Cover

pdf iconDownload PDF
 

Title Page, Copyright

pdf iconDownload PDF
 

Contents

pdf iconDownload PDF

pp. v-vi

read more

Acknowledgments

pdf iconDownload PDF

pp. vii-viii

Most chapters in Boys Love Manga and Beyond were first presented at the workshop “Glocal Polemics of Boys Love: Production, Circulation and Censorship,” organized by Kazumi Nagaike and Katsuhiko Suganuma at Oita University in January 2011. The workshop was cosponsored by Oita University’s Center for International Education and Research and the University...

read more

A Note on Japanese Names and Terminology

pdf iconDownload PDF

pp. ix-2

Throughout the text we have reproduced Japanese names in the natural Japanese order, that is, surname first, except in reference to scholars who normally publish in English. Note that among the contributors to and editors of this volume, only Fujimoto Yukari and Ishida Hitoshi publish predominantly in Japanese, and thus their names are written in Japanese...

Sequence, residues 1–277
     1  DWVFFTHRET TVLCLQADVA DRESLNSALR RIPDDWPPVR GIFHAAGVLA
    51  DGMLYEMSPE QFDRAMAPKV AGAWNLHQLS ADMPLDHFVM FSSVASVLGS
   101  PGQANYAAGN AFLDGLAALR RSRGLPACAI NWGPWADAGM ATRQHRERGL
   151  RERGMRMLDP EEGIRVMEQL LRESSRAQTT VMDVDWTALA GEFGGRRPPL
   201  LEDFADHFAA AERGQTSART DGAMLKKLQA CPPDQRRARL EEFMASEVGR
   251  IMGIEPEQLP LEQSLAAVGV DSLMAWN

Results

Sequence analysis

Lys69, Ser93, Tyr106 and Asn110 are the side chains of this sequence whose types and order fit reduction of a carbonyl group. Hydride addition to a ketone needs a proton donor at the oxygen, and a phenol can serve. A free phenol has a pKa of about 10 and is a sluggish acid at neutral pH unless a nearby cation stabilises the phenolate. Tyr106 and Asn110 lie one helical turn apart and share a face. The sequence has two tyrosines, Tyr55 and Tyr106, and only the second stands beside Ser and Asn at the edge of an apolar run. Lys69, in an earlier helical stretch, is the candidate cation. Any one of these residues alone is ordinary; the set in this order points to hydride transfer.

read more

An Introduction to “Boys Love” in Japan

Mark McLelland, James Welker

pdf iconDownload PDF

pp. 3-20

If you walk into a typical bookstore in Japan today, somewhere on the shelves you are likely to find various books depicting romantic and sexual relations between beautiful, stylish male characters. These male homoerotic stories might be found in the form of manga—the name for Japan’s globally known narrative comics—or in the form of “light...

read more

A Genealogy of Boys Love: The Gaze of the Girl and the Bishōnen Body in the Prewar Images of Takabatake Kashō

Barbara Hartley

pdf iconDownload PDF

pp. 21-41

As Teresa de Lauretis observes, “the cultural conceptions of male and female as two complementary yet mutually exclusive categories” is a common denominator that applies across cultures.1 These categories are the basis of “a gender system . . . that correlates sex to cultural contexts according to social values.”2 While often construed as a categorical imperative, “gender” is, to...

read more

A Brief History of Shōnen’ai, Yaoi, and Boys Love